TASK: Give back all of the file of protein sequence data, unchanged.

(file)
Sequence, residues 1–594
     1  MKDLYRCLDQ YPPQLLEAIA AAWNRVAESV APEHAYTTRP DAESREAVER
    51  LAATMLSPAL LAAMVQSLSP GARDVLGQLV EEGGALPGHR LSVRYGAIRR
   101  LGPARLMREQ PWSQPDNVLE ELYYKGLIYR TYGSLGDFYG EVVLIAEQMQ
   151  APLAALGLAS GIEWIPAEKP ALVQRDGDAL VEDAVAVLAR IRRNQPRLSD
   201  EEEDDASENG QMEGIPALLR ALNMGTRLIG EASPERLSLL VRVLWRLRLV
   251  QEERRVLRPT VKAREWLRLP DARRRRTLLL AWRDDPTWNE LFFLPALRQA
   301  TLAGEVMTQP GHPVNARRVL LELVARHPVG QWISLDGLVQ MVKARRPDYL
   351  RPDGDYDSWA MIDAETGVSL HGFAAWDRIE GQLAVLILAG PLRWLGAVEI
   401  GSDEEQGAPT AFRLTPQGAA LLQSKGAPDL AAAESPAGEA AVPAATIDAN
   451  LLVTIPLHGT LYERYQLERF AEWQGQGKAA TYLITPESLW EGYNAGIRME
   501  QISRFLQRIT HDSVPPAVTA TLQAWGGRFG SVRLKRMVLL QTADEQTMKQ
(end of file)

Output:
Sequence, residues 1–594
     1  MKDLYRCLDQ YPPQLLEAIA AAWNRVAESV APEHAYTTRP DAESREAVER
    51  LAATMLSPAL LAAMVQSLSP GARDVLGQLV EEGGALPGHR LSVRYGAIRR
   101  LGPARLMREQ PWSQPDNVLE ELYYKGLIYR TYGSLGDFYG EVVLIAEQMQ
   151  APLAALGLAS GIEWIPAEKP ALVQRDGDAL VEDAVAVLAR IRRNQPRLSD
   201  EEEDDASENG QMEGIPALLR ALNMGTRLIG EASPERLSLL VRVLWRLRLV
   251  QEERRVLRPT VKAREWLRLP DARRRRTLLL AWRDDPTWNE LFFLPALRQA
   301  TLAGEVMTQP GHPVNARRVL LELVARHPVG QWISLDGLVQ MVKARRPDYL
   351  RPDGDYDSWA MIDAETGVSL HGFAAWDRIE GQLAVLILAG PLRWLGAVEI
   401  GSDEEQGAPT AFRLTPQGAA LLQSKGAPDL AAAESPAGEA AVPAATIDAN
   451  LLVTIPLHGT LYERYQLERF AEWQGQGKAA TYLITPESLW EGYNAGIRME
   501  QISRFLQRIT HDSVPPAVTA TLQAWGGRFG SVRLKRMVLL QTADEQTMKQ